So, how should you “deal” with the “haters?” I can sum it up in three words.

Data, Data, and Data.

Okay, that was four words, but you get the point.

Regardless of the social media platforms, or platforms, you’re focusing on, it’s imperative that you have a way of measuring your success. Here at HBS, I gather data on both global (clickthroughs, “likes”) and granular (individual alumni engagement) levels; for more on my data collection and reporting read, “Making the Case: Explaining the Return on Investment (ROI) of Your Social Media Efforts.” While choosing what you want to gather data on–I for, one, spend most of my time analyzing individual alumni interactions on Twitter–is difficult, it’s crucial that you have this information at your disposal. Because once you have this information in your arsenal, you’ll be able to respond to some (and hopefully all) queries regarding your approach.

Lesson #3: Everyone, and I mean EVERYONE, matters

Near the end of the LEGO Movie, Emmet delivers a MUCH better speech than he did earlier in the film. With Bricksburg, Emmet’s home, on the brink of destruction, our hero appeals to the compassionate side of Lord Business , encouraging him to “take his hand” and join the “good guys.”

During the speech, Emmet also shares how everyone–Lord Business included–can be “The Special.” That, essentially, every person is important and has value.

This philosophy–one I’ve tried to embrace even while driving here in Massachusetts–is a key feature of my social media work. Each morning and throughout the day, I review my alumni lists (for more on list management, see “Rules of Twitter Engagement”) to see how I can connect with alumni. Sometimes these connections happen on an individual bases (see below) and sometimes they involve multiple alumni. But, ultimately, the important thing is making each individual alumnus/a we interact with feel valued.


Granted, this individual engagement approach may be a tough sell to your supervisor. But here’s one way to look at it from a numbers perspective. If you have ten of these types of engagements a week (note: we typically have four to five times this number), this will translate into 40 individual engagements and month and 480 a year. These types of interactions, which may not have happened otherwise, can lead to alumni feeling more brand affinity (i.e., a feeling that the alumnus/a is being listened to) and can help open the door to other engagement opportunities through events, student mentoring programs, etc.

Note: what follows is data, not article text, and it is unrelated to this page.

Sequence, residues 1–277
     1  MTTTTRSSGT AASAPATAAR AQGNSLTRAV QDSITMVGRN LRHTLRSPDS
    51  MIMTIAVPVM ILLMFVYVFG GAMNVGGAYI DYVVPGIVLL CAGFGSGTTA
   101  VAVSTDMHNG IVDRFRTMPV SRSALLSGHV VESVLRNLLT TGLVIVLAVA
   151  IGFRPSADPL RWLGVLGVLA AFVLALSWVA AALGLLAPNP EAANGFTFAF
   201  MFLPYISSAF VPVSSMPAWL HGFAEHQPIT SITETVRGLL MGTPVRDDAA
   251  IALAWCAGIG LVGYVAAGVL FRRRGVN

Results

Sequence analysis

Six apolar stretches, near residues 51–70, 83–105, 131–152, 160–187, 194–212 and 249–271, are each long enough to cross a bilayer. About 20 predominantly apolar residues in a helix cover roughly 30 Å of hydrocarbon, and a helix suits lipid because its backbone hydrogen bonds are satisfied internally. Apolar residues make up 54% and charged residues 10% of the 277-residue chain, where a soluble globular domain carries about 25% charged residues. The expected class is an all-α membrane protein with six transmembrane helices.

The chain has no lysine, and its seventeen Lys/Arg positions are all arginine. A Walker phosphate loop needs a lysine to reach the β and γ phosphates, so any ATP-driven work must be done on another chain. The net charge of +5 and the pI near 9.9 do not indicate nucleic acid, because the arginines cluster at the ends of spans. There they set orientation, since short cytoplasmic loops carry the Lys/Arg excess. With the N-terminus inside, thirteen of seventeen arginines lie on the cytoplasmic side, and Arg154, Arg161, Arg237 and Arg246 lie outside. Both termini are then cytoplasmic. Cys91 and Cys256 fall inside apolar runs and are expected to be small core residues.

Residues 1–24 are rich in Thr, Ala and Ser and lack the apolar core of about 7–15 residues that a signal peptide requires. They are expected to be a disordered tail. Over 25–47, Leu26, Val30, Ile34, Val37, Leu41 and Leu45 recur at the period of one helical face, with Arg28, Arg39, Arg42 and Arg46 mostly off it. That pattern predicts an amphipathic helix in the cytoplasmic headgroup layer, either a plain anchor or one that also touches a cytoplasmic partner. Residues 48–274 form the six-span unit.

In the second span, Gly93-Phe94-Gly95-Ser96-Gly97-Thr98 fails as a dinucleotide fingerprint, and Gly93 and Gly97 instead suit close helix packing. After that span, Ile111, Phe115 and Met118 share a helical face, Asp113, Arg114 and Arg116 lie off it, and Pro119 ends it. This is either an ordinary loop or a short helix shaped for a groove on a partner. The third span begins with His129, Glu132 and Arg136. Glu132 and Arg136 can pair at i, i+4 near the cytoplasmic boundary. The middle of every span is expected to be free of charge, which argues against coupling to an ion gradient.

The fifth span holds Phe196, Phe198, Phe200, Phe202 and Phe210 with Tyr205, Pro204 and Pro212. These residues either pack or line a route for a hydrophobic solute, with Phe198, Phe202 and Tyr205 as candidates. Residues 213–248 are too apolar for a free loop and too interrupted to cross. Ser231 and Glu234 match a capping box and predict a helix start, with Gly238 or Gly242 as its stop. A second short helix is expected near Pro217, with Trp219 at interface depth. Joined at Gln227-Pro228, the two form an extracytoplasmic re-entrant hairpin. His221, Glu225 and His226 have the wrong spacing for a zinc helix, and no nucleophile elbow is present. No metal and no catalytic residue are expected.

For me, this approach is a no-brainer…just like the double decker couch.**

 *While I may have take issue with the program “Sophia the First,” Tim Gunn can do no wrong in my book.

**I’m a huge fan of the double decker couch as well and would have built one myself–and probably gotten injured in the process–if I had thought of it while in college.

Was this post helpful? Is there anything I missed? Please share your thoughts in the comments section.

Robert Bochnak manages social media for the Harvard Business School’s alumni office. He’s also the former writer and editor of GradMatters: The Blog for Tufts GSAS.

Follow Robert on Twitter at https://twitter.com/RobertBoc.



Leave a Reply

Fill in your details below or click an icon to log in:

WordPress.com Logo

You are commenting using your WordPress.com account. Log Out /  Change )

Google+ photo

You are commenting using your Google+ account. Log Out /  Change )

Twitter picture

You are commenting using your Twitter account. Log Out /  Change )

Facebook photo

You are commenting using your Facebook account. Log Out /  Change )


Connecting to %s